Idea No.


Paris France Party -9yr- Make Perfume



February 2008


Jan in Walla Walla, WA, United States

Runner Up

Around the World Party

My son asked for a Paris party for his 9th birthday. I hesitated, thinking it might be too girly but we had houseguests for the weekend and this seemed easier. 

DECORATIONS> I set up a little welcome desk in the hall right outside the party room. As the kids arrived I gave them their "French visas"--a nametag to hang around their necks stamped with an Eiffel Tower and travel images. Also in the hall was a miniature art museum the "Musee de Paris" with small printouts of several famous works of art not all French but all found in Paris--the Mona Lisa of course and works by Monet Picasso Renoir Kandinsky etc. I found these online at museum websites and added printed frames. Also out front were a couple of French flags we made with felt and hot glue. One-third yard each of blue white and red felt made two big flags. We could have bought dowels to make flagpoles but we found a tool handle and a closet rod in the garage that worked fine. Also helping to create the atmosphere were a three-foot-high 3-D Eiffel tower puzzle we'd assembled (an early birthday gift from my aunt) several little Paris figurines blue-white-red streamers and the Arc de Triomphe (more about that later).

ACTIVITY> We first directed the kids to the "Parfumerie"--a table with 9 gold bottles (travel-size plastic bottles spray-painted) filled with various scents. Some were nice: vanilla peppermint and spearmint; some not so nice: garlic eucalyptus. Each "master parfumierie" (don't even know if that's a word but it sounded good!) put their guesses on little forms we made and dropped them in a box. We were surprised how much fun they had with this and delighted by their guesses ("disgusting carsickness medicine hot spice water"). We "scored" the forms while the kids did another activity. Strongly recommend spraypainting the bottles well in advance or they will smell like nothing but paint. Essential oils work best (I only had a couple) but household scents worked well enough to be fun. 

DECORATIONS> After the perfume game we went straight to food because the party was late (6 -8 p.m.). We put white cloths and votives on card tables for an upscale "café" feel and arranged the tables under a camping gazebo strung with Christmas lights. Special touches were stamping an Eiffel Tower on plain paper napkins and I also made a little template out of contact paper and used glass etching cream to etch Eiffel Towers on thrift-store wine glasses (40-50 cents each) that the kids could take home. We printed menus for each table with all the foods listed in French. Some of the kids really got into matching up the French words to the foods on their plates.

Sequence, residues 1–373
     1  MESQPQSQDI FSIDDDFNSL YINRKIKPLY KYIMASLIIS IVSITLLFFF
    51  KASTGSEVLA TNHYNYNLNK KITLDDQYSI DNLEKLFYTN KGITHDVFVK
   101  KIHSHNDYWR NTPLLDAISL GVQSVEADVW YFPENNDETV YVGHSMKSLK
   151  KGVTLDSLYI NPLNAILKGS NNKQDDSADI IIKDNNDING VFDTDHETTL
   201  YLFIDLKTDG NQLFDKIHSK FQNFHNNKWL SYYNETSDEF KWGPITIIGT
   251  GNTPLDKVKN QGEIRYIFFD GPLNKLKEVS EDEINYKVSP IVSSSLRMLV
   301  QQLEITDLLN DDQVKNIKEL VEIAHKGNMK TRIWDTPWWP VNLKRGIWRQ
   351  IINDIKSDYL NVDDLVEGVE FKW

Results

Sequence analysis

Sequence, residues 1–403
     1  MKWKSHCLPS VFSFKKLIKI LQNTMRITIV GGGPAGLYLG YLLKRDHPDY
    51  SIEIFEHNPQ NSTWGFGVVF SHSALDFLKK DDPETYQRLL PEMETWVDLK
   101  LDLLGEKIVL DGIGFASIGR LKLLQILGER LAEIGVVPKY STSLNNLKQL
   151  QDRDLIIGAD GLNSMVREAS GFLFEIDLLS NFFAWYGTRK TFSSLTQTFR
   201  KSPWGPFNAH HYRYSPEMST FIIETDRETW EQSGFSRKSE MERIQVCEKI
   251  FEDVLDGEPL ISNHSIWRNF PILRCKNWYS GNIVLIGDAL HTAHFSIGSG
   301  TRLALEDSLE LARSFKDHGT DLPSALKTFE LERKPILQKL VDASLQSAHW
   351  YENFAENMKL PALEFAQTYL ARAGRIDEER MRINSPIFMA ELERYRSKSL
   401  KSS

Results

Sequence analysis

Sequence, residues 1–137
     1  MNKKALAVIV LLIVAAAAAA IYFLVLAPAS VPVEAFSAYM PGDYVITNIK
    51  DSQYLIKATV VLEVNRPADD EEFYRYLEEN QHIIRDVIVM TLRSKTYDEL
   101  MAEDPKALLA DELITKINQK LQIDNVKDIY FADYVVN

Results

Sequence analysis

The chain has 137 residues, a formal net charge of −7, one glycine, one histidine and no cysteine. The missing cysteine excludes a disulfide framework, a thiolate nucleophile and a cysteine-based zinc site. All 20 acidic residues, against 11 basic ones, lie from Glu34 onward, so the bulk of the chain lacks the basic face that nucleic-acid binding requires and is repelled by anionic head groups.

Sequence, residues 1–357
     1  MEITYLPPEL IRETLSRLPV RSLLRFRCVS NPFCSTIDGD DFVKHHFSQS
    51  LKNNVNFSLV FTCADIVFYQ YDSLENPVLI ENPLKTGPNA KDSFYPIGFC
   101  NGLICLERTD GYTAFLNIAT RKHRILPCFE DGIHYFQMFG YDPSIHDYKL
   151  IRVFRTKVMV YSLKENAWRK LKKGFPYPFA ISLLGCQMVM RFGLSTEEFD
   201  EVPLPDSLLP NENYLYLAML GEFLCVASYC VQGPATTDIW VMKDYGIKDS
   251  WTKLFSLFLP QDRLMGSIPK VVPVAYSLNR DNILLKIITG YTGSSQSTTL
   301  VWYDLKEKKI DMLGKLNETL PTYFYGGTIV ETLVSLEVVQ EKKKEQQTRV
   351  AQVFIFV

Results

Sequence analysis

PARTY FOOD> Food was buffet-style. The highlight was crepes and for topping we provided three flavors of French jam (Bonne Maman easy to find) Nutella powdered sugar in shakers and spray whipped cream. We bought long baguettes and sliced them in baskets (leaving one unsliced for atmosphere) and provided a couple of soft French cheeses (brie Laughing Cow) as well as cubed cheddar and colby which were much more popular with the kids. We cut croissants into thirds and stuck toothpicks with French flags in them. (The flags were a free Internet download.) To balance out the meal a little we had fruit and veggie trays with dip. The drink was sparkling cider (we watched for a sale!).

ACTIVITY> As we could see the kids were almost done eating I announced that our first activity would be an art lesson and sent the birthday boy out in the hall to fetch the Mona Lisa for a demonstration. He returned a little confused to tell me that all the paintings were gone. A rather savvy guest caught on to the game and announced dramatically that they must have been STOLEN! We told the kids that they'd better go look for clues! During dinner my husband had hid the paintings in a courtyard outside the party room and left a note from "Madame Renard" with a drawing of a fox--"I laugh at your security she wrote. Where where are your treasures now?" Fortunately Madame Renard's assistant had been sloppy and had torn up her instructions about where to hide the paintings but not well enough to keep the children from piecing them together and finding the treasures. Tons of fun and really effective!